The domain is the end-part of the web site address. Most U.S.-based web sites use the following domains: .com, .org, .edu, and .gov. But what do they mean?
Think about domains: Compare Weather.com with Weather.gov. Both happen to be trusted web sites with good information. Weather.com is from the popular and well-known Weather Channel, while Weather.gov is from the U.S. National Oceanic and Atmospheric Administration, a government agency.
The following is a description of the most popular internet domains:
.com = commercial entity, business
CNN: http://www.cnn.com/ - Note: many media outlets end in .com
Dunkin' Donuts: http://www.dunkindonuts.com/
.org = organization, or non-profit
American Red Cross: http://www.redcross.org/
Museum of Fine Arts, Boston: http://www.mfa.org/
United Nations: http://www.un.org/
.edu = educational institution, mostly colleges and universities
Southern New Hampshire University: http://www.snhu.edu/
Smithsonian Institution: http://www.si.edu/
.gov = Government agency or department
Federal Communications Commision: http://fcc.gov/
NH.gov (official New Hampshire government web site): http://www.nh.gov/
U.S. Senate: http://www.senate.gov/
The White House: http://www.whitehouse.gov/
Web sites based in particular countries may use a country code as part of their domain. Here are some examples:
.au = Australia | .ca = Canada | .cn = China
.de = Germany (Deutschland) | .fr = France | .in = India
.jp = Japan | .mx = Mexico | .uk = United Kingdom | .us = United States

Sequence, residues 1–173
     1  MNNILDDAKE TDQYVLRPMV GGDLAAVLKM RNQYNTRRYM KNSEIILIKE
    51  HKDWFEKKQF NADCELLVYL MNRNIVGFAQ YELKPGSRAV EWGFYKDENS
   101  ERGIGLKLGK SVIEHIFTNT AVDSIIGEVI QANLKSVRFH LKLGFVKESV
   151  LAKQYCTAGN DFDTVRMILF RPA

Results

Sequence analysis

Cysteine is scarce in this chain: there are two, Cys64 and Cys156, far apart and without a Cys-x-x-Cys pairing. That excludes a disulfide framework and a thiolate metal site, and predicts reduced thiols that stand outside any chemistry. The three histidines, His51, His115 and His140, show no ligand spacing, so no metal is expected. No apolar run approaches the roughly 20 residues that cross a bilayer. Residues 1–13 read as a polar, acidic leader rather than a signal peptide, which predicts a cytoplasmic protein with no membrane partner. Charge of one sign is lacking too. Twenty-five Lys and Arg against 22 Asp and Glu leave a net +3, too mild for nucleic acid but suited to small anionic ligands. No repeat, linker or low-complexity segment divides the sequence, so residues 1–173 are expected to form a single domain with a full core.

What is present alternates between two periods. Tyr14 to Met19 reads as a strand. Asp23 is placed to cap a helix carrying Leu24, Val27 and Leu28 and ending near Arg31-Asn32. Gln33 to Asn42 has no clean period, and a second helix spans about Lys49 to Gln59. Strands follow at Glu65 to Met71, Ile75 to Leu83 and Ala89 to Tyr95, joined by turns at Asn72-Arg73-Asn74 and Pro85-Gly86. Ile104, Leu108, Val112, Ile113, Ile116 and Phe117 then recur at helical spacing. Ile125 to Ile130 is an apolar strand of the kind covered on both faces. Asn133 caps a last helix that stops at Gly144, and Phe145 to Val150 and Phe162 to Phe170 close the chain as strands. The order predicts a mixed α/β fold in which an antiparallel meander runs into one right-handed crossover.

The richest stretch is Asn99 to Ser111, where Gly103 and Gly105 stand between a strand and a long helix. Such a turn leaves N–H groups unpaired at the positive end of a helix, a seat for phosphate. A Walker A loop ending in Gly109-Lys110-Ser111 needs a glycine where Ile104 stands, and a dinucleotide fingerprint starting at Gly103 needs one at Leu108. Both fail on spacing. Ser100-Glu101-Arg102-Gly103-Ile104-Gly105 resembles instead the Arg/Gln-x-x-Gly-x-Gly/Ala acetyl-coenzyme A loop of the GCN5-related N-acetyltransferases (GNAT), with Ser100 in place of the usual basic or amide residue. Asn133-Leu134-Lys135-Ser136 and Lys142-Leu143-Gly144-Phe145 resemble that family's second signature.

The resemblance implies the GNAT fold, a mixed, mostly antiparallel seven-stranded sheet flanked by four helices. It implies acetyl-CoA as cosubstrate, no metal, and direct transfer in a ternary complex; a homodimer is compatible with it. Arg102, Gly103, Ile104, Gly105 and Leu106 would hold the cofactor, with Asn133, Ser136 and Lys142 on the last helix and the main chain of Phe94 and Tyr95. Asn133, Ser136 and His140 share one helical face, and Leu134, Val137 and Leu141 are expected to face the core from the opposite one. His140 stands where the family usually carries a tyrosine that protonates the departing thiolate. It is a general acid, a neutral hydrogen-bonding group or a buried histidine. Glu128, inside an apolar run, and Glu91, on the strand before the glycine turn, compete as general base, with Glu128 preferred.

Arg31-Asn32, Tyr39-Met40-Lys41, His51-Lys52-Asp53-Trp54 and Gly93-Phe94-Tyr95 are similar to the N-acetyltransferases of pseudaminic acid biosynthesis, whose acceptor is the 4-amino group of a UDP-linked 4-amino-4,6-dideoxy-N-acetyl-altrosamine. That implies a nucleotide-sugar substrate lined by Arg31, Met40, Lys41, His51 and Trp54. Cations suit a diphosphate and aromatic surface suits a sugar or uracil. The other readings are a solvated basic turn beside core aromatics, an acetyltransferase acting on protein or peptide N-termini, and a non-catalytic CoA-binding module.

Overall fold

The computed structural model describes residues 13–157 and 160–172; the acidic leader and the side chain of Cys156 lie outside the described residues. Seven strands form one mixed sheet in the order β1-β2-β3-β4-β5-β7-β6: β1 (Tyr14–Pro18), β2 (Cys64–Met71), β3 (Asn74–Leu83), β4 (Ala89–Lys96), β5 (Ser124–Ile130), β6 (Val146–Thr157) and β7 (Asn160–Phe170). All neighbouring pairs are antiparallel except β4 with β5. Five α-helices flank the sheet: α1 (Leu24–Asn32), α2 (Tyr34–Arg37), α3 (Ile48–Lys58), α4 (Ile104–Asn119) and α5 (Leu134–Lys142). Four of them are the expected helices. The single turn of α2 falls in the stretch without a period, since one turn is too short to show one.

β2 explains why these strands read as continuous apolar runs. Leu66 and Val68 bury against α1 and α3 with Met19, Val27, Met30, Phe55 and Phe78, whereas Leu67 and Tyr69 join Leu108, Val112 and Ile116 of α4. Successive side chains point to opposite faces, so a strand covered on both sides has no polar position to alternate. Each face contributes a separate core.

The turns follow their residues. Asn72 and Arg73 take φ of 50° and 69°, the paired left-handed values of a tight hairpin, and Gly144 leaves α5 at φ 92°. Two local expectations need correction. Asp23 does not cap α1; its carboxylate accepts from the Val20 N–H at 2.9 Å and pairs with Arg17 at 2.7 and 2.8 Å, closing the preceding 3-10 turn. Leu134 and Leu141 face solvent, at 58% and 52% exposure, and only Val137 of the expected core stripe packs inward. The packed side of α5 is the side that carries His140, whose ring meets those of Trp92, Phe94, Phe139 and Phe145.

BBC News (British Broadcasting Corp.): http://news.bbc.co.uk
Louvre Museum (Musee de Louvre): http://www.louvre.fr/
Official Site of the Government of Mexico (Sitio Oficial del Gobierno de Mexico): http://www.gob.mx
University of Toronto: http://www.utoronto.ca/
.biz = commercial entity, business
.int =international organizations (although many use .org instead)
.mil = U.S. military web sites
.mobi = mobile web sites designed for web-enabled smartphones (e.g., an iPhone, or BlackBerry)
.net = stands for "network," but open to any web site. Some business/commercial sites use this.
Strange Brew Tavern (Manchester, NH): http://www.strangebrewtavern.net/
United States Navy: http://www.navy.mil/
You can limit your search to specific domains by using the Advanced Search feature on Google.
1) Click on the 'Advanced Search' link on Google's main search page.
2) Type your search term in the search box labeled 'all these words' - for example, type in "Bush tax cuts" with quotation marks around your phrase
3) In the search box labeled 'Search within a site or domain', you can type in the specific domain you'd like to search in - for example type in .gov
4) Click on the 'Advanced Search' button
5) In the image below, you can see the results we have from this search. Notice that all of the search results point you to a website at a .gov domain.